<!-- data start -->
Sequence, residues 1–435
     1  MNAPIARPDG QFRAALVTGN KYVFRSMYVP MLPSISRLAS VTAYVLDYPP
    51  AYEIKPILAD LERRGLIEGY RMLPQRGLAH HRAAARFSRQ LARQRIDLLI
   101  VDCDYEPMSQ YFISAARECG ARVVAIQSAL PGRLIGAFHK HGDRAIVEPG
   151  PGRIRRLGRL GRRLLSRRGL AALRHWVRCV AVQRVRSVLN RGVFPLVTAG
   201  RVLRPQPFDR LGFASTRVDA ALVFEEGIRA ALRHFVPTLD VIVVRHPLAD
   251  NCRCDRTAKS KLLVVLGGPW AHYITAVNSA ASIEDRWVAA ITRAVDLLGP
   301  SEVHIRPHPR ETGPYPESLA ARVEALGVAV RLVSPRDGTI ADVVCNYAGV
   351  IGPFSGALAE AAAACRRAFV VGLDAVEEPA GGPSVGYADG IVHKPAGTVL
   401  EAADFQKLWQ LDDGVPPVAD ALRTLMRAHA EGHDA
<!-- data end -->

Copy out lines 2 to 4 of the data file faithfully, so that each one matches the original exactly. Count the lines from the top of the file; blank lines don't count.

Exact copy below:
     1  MNAPIARPDG QFRAALVTGN KYVFRSMYVP MLPSISRLAS VTAYVLDYPP
    51  AYEIKPILAD LERRGLIEGY RMLPQRGLAH HRAAARFSRQ LARQRIDLLI
   101  VDCDYEPMSQ YFISAARECG ARVVAIQSAL PGRLIGAFHK HGDRAIVEPG